Maybe the so-called TS don't archive anymore, and that job is given to an algorithm instead.

 

 

Community Guru
Wendy C Member Since: Aug 24, 2015
266 of 322

+ 1 to Petra's comment "the lack of any answer to the direct and very easily answered question is an answer in itself."

Community Guru
Irene B Member Since: Feb 17, 2015
267 of 322

I wonder if UW would like to comment on the 'hidden' folder...you know, the one where applications are deemed 'not qualified'...and how your algorithm actually goes about determining who is qualified or not...I do know machine learning is quite far advanced in many cases...but let us be quite frank...an algorithm is only as good as the people who write it...and UW constantly has bugs - you get my point? And, so btw...that little, hidden folder - where you have to press 'more' and that is filled with your 'unqualifieds'...is basically doing the same as your much (un)lauded 'specialists' that have been a pain in so many freelancers' side...in effect...it is using an algorithm to do the 'specialists' so-called 'job', with these proposals STILL in effect being archived (a rose by any other name and all that....), and UW StILL thus interfering in the hiring process...

Ace Contributor
Ahmed F Member Since: Nov 26, 2018
268 of 322

It just came to my knowledge that other than the "Archived" folder there is a folder called "Shortlisted" which Talent Specialists use to shortlist and recommend certain freelancers to the client!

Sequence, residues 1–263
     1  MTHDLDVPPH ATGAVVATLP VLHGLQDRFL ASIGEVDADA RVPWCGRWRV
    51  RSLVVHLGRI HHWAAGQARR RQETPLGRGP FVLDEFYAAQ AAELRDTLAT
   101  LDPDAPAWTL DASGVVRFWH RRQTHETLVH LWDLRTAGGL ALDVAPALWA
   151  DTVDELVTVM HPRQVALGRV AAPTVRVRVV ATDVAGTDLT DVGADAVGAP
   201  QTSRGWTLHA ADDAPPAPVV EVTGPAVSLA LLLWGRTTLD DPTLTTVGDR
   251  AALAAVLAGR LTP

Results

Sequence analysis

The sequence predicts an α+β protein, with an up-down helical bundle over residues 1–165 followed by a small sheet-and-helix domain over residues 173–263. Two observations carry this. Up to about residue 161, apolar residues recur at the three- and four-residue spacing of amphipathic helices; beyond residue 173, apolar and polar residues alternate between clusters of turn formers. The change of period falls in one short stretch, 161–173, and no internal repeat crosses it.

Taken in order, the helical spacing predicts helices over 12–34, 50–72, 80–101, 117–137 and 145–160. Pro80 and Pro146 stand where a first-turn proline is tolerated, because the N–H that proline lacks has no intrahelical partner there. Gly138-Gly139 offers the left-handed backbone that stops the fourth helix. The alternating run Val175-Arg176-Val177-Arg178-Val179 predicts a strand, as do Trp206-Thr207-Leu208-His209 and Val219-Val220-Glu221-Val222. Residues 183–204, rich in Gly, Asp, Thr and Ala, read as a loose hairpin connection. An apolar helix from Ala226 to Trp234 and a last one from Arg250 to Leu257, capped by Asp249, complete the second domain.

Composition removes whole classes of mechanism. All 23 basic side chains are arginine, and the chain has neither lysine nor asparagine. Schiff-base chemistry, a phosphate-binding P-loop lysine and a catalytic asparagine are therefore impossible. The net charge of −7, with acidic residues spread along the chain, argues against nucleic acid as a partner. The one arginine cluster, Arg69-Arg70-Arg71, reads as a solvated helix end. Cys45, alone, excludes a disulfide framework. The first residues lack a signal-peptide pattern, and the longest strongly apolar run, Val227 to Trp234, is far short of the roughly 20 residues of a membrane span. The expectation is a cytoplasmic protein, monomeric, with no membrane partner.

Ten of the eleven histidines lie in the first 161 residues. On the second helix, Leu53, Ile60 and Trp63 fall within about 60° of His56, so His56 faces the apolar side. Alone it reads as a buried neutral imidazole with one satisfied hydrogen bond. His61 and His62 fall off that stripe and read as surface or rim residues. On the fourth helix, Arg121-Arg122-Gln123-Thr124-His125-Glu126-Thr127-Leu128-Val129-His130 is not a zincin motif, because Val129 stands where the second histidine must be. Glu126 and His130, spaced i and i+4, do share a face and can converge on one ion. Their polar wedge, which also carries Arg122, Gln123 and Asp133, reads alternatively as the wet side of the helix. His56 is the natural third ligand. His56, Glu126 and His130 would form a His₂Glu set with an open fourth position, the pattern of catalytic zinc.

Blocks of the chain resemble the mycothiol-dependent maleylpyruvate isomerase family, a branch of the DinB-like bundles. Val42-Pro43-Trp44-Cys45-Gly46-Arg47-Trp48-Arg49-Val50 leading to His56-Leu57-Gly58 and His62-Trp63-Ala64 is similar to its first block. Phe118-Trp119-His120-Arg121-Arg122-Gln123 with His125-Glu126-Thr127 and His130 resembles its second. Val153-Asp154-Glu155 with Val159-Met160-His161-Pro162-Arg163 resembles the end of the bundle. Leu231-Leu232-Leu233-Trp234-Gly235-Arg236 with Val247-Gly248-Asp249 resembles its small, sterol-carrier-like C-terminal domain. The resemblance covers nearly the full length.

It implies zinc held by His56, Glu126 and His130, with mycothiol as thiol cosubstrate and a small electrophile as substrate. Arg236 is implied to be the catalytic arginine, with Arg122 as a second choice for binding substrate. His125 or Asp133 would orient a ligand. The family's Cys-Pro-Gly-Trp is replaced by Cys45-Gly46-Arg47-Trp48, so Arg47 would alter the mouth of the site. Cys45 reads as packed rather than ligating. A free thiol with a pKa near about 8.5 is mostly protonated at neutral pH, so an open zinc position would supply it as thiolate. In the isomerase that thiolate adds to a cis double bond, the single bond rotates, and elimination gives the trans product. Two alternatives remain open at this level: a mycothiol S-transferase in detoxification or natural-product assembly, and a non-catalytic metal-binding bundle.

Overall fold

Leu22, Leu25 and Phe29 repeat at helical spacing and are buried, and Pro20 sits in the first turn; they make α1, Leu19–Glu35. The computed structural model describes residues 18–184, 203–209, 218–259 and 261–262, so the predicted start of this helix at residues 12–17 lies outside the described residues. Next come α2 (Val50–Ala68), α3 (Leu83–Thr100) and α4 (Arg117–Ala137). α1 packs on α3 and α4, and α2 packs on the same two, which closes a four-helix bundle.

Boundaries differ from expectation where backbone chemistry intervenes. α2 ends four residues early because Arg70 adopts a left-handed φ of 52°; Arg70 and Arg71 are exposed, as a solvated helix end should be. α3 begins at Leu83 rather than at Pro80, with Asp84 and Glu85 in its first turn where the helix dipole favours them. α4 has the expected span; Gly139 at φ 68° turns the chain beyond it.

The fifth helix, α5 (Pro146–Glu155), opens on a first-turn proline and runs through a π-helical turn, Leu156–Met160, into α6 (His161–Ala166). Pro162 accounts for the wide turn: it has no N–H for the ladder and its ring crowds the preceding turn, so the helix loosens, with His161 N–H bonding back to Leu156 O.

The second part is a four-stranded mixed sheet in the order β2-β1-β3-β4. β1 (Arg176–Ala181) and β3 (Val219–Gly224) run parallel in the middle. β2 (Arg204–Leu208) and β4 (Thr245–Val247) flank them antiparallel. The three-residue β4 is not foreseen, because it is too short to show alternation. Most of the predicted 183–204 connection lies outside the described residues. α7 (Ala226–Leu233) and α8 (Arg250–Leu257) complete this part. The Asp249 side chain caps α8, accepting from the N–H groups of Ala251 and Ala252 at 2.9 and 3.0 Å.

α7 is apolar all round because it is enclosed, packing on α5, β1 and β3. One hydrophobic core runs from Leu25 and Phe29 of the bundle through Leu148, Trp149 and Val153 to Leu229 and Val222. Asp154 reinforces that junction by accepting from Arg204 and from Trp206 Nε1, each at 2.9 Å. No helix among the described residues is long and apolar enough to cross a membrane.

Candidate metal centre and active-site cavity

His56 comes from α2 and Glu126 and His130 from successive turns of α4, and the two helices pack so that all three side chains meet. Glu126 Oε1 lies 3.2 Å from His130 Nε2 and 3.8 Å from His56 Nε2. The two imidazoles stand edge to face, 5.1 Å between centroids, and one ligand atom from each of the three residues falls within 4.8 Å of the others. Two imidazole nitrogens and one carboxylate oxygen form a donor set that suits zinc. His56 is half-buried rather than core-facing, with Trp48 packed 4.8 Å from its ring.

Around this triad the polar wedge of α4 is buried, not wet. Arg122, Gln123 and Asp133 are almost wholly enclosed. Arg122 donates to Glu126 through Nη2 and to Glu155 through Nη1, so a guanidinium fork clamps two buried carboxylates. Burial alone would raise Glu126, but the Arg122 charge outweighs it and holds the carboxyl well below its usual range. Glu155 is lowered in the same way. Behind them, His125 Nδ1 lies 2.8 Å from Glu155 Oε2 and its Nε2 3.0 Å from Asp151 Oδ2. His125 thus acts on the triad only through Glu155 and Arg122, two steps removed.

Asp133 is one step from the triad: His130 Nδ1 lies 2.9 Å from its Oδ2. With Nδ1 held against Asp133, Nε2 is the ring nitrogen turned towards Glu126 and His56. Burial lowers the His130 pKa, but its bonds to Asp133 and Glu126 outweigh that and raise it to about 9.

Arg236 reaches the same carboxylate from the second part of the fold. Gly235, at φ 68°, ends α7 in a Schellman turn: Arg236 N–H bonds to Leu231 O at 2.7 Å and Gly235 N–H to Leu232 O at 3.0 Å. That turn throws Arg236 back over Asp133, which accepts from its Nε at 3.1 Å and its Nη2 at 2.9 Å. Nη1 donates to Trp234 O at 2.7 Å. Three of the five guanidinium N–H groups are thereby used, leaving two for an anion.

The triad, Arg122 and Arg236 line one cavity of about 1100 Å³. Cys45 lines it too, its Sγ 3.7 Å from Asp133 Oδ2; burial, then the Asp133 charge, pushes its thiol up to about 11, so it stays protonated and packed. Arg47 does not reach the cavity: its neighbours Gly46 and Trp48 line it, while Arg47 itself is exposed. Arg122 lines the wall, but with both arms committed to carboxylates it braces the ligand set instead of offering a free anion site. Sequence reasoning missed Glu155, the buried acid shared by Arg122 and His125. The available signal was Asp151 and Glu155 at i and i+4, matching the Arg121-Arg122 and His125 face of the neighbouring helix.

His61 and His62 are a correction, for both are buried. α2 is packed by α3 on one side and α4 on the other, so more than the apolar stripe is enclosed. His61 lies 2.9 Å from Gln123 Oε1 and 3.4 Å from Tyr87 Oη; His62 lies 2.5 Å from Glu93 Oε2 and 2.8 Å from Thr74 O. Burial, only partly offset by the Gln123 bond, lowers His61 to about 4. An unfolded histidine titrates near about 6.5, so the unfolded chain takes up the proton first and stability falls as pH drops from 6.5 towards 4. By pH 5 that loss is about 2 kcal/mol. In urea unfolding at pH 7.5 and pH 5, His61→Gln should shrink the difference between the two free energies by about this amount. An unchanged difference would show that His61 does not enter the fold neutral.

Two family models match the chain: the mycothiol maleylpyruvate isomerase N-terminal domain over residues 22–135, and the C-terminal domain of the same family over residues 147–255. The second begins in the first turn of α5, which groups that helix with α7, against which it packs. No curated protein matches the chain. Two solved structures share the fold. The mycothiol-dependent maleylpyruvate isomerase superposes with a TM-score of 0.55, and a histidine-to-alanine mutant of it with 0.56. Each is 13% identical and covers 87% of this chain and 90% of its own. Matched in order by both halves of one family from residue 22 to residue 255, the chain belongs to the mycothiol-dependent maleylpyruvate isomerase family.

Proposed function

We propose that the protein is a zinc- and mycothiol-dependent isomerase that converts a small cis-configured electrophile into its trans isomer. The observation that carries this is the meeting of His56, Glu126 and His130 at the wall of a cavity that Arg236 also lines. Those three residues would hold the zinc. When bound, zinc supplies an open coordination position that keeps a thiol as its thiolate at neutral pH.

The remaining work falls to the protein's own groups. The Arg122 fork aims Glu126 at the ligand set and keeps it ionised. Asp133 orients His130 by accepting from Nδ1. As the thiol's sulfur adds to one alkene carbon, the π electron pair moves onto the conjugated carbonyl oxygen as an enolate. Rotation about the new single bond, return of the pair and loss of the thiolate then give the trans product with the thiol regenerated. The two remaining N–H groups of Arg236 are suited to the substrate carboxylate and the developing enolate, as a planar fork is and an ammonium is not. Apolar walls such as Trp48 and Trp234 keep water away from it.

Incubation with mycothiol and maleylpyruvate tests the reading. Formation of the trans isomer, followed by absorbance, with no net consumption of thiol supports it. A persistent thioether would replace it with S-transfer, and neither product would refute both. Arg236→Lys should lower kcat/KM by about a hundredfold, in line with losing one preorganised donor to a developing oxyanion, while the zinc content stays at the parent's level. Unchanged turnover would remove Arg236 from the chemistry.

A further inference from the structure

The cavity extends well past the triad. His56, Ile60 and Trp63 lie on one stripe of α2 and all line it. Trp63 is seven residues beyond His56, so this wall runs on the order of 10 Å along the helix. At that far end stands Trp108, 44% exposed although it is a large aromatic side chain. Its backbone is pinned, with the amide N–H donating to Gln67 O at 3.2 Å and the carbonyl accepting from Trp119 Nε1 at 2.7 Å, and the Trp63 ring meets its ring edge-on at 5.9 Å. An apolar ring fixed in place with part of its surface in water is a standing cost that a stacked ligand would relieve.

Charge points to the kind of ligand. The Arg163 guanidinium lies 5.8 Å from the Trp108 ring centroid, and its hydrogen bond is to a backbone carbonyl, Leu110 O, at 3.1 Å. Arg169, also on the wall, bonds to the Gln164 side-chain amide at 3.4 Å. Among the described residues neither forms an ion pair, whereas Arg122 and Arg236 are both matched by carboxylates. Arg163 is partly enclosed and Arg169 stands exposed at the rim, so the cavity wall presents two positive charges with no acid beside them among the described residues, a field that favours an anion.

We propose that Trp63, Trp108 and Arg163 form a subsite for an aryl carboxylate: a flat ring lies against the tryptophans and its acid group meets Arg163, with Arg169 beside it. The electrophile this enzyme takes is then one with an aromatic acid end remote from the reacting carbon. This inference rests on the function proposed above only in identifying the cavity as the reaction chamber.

---------------------------------
"Choose your adventure."
Community Guru
Maria C Member Since: Jul 9, 2015
269 of 322

Not only Talent Specilist send proposals to the hidden folder. It's some kind of automatized mechanism. And it's really terrible. I saw a client complining because the freelancers that Upwork marked as "best matches" were obvious fakers on a forum. 

 

And Upworks still fails to understand that the problem is the lack of control over the immense amount of new freelancers that sign in every day. There is no control there. Instead, they are chasing top rated freelancers with more and more verifications. Those who have proven their quality with their work.

 

This is very discouraging. 

Community Guru
Phyllis G Member Since: Sep 8, 2016
270 of 322

Ahmed F wrote:

It just came to my knowledge that other than the "Archived" folder there is a folder called "Shortlisted" which Talent Specialists use to shortlist and recommend certain freelancers to the client!


 Ahmed, in the interest of documentation, would you please share how this came to your attention and other relevant specifics? E.g. does this happen only when the client requests TS assistance, or does it happen regardless of the client's wishes and/or knowledge?

thx